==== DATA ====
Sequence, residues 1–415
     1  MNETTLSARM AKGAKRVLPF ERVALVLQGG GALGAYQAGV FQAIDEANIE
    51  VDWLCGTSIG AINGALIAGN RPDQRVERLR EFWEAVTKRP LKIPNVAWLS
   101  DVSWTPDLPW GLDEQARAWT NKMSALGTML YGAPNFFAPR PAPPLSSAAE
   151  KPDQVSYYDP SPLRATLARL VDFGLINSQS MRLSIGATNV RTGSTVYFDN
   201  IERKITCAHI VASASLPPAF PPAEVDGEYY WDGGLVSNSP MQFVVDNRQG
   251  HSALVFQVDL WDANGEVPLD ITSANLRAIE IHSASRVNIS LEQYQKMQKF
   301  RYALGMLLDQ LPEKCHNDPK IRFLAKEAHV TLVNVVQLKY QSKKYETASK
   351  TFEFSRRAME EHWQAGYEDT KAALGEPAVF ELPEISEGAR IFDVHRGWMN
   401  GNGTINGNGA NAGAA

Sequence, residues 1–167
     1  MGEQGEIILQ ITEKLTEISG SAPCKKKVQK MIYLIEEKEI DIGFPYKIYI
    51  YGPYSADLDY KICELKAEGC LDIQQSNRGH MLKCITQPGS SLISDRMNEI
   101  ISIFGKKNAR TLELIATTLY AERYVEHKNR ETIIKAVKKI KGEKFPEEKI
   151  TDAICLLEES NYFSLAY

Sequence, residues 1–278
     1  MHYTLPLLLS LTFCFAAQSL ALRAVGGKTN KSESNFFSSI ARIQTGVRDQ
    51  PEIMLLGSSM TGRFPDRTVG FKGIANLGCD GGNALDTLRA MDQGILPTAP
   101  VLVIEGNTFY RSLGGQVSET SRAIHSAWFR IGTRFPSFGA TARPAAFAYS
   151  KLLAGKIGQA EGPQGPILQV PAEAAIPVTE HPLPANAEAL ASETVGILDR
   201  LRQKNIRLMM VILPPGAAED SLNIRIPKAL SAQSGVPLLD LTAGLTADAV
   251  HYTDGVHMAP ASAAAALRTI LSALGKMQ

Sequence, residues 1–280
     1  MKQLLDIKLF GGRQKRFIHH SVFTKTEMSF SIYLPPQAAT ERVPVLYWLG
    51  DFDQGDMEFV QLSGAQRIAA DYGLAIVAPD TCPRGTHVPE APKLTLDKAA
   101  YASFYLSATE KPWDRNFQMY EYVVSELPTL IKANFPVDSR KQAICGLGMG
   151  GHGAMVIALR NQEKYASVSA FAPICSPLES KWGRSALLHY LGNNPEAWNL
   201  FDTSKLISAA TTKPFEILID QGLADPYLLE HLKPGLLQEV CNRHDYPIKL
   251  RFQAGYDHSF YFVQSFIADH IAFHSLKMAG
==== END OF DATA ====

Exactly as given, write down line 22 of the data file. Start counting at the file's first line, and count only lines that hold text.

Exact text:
   251  HYTDGVHMAP ASAAAALRTI LSALGKMQ